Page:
Ford may be one of the most underappreciated backs in all of college football. He has already touched the ball over 100 times this season, and gets banged up in the trenches like you wouldn’t believe.

On Saturday, en route to a dominating 56-21 win over UCF, Ford had a day for the ages, rushing for 189 yards on 20 touches to go along with four rushing scores. Is Ford going to receive any Heisman votes come season’s end? Most likely not. But that doesn’t mean he isn’t one of the more gritter, talented backs this game has to offer.

1. Tyrion Davis-Price – RB, LSU

Not to beat a dead horse, but it is important to note just how bad things currently are in Baton Rouge to get a better understanding of how essential Tyrion Davis-Price’s performance was on Saturday afternoon.

For starters, LSU hosted Florida at 11 a.m. CT on Saturday morning. Do you understand how bad things have to get for Florida’s visit to be played at 11 a.m.? Instead of booze, the tailgates had to serve coffee.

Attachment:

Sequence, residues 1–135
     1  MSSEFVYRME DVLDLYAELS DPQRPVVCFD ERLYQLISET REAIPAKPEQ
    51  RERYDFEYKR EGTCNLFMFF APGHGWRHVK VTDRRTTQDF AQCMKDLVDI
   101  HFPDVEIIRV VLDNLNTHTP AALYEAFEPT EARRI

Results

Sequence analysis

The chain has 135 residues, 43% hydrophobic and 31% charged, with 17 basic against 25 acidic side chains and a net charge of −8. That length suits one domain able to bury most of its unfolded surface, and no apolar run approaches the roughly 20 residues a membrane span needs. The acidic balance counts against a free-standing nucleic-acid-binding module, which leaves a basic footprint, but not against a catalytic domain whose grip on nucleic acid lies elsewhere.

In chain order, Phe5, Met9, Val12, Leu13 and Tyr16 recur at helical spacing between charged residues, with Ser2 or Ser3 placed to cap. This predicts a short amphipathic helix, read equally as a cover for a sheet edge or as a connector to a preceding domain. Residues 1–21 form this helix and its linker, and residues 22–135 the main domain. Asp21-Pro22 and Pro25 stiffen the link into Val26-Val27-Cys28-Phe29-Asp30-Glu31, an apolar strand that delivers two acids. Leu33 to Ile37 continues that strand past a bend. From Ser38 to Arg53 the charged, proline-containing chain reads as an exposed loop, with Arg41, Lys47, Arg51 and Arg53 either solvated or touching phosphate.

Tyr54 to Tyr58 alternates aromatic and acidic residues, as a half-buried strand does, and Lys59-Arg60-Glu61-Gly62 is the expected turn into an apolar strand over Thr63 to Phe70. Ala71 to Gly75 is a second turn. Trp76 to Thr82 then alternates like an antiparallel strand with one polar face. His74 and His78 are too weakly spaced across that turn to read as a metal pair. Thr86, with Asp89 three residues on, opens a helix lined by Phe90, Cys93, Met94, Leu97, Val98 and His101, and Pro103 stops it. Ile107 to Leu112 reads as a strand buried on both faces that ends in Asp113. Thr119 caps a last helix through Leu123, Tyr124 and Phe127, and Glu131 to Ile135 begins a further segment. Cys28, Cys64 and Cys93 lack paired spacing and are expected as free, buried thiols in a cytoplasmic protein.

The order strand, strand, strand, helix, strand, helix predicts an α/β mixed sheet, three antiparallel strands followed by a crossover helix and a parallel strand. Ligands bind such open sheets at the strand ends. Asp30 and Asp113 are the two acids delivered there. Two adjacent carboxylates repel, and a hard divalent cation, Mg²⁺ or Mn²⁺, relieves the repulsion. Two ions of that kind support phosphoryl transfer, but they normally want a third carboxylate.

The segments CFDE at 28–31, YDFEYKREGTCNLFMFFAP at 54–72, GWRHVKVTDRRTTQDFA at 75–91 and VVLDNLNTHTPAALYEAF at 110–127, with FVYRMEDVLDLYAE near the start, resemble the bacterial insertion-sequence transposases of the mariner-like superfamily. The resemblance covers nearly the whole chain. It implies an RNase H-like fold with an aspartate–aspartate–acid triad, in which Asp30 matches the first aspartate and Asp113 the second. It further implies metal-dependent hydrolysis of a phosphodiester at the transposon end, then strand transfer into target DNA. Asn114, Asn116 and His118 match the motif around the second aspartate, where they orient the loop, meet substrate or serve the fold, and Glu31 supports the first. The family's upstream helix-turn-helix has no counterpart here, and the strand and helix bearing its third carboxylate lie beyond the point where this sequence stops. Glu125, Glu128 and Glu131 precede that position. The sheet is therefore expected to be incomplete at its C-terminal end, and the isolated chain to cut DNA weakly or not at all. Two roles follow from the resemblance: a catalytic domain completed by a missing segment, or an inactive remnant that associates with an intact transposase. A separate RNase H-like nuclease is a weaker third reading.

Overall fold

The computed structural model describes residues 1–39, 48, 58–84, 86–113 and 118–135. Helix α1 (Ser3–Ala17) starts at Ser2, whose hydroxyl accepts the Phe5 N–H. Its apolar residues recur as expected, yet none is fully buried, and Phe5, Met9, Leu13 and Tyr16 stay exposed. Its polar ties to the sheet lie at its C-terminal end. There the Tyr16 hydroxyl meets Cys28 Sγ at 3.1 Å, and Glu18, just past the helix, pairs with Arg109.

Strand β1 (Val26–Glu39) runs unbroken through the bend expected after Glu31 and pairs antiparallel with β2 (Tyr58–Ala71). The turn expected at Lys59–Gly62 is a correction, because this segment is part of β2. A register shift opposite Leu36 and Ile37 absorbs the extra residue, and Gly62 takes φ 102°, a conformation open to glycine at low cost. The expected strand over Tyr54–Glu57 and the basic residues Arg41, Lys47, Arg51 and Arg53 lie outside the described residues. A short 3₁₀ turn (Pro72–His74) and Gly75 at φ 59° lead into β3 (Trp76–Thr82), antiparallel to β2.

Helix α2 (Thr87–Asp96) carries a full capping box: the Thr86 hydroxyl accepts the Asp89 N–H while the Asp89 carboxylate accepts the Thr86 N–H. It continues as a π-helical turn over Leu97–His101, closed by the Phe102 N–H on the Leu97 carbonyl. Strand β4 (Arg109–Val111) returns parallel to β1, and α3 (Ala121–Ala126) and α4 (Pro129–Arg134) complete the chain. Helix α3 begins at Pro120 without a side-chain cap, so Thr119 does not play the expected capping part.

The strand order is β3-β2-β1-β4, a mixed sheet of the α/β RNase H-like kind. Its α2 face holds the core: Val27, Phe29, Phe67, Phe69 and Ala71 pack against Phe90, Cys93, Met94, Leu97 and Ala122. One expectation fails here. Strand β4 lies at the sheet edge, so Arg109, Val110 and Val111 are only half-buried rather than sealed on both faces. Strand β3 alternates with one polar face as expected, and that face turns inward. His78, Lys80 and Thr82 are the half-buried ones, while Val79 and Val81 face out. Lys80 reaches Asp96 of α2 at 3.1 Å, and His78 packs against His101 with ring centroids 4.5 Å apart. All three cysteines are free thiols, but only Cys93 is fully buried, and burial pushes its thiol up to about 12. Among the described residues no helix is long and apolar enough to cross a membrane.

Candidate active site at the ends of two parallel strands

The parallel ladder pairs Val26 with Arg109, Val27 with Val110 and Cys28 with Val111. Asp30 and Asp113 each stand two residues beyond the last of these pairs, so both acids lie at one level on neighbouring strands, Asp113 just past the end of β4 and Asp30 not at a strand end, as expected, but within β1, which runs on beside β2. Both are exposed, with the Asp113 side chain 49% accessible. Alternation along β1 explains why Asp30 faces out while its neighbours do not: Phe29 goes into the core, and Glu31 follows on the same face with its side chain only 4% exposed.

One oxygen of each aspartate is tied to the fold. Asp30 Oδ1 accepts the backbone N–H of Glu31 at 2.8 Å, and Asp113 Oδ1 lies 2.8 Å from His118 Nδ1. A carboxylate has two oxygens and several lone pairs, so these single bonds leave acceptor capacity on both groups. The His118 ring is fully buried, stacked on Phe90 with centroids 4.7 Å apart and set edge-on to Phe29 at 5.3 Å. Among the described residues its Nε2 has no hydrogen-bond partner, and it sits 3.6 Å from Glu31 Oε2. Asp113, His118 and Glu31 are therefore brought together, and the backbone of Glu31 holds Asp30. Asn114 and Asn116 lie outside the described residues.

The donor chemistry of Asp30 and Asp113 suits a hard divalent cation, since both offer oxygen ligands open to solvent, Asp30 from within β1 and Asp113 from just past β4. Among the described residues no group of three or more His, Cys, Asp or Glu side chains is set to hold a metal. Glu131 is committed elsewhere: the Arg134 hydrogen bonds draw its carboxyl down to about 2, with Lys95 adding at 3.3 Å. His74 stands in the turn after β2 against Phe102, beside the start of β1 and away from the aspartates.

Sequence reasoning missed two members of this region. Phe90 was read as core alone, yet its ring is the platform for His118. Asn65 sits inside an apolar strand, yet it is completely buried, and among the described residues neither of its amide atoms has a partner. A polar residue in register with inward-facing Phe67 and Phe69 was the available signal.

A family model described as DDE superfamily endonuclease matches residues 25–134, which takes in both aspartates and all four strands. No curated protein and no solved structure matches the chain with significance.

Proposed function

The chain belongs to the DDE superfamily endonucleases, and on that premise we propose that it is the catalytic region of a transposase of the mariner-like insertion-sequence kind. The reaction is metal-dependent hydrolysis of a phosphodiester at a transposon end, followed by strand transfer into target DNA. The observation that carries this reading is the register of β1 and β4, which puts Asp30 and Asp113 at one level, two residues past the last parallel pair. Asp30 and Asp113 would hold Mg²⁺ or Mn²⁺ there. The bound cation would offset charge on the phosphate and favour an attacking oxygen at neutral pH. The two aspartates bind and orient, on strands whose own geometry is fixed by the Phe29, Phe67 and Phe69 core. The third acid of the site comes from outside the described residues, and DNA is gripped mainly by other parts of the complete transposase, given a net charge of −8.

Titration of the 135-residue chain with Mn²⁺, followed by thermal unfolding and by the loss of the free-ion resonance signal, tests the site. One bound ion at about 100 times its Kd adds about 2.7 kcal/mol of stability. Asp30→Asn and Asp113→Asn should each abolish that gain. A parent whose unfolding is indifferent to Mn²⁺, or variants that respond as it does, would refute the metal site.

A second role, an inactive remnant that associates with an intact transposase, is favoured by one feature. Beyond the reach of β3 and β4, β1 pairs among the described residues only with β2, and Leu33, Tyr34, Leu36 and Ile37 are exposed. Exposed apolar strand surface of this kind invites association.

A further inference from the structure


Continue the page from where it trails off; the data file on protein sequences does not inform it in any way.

Secondly, it was announced early Sunday morning that LSU had decided it will part ways with head coach Ed Orgeron at the conclusion of this season. Did this come as a surprise to most? Nope. But if you would have said back in 2019 that “Coach O” would be fired in just two years’ time, you would’ve been called crazy.

And that brings us back to Saturday morning, where LSU played host to Dan Mullen and No. 20 Florida. For the most part, Death Valley was eerily quiet — at least considerably quieter than it should ever be. And for all intents and purposes, the Tigers had no business winning or even competing with a much more talented and disciplined Gator team.

But big-time players step up for big-time games.

And step up Tyrion Davis-Price did. In what will be described as one of the most memorable performances in program history, Price put the state of Louisiana on his back, rushing for 287 yards and three touchdowns in a 49-42 upset.

Price not only helped his team to a needed win, but set the school record for most rushing yards in a game — a mark previously set by Derrius Guice in 2016 (285). Additionally, Price’s 287 rushing yards were the most rushing yards allowed by an opposing player in Florida history.

It was a priceless showing to say the least.

Punt intended.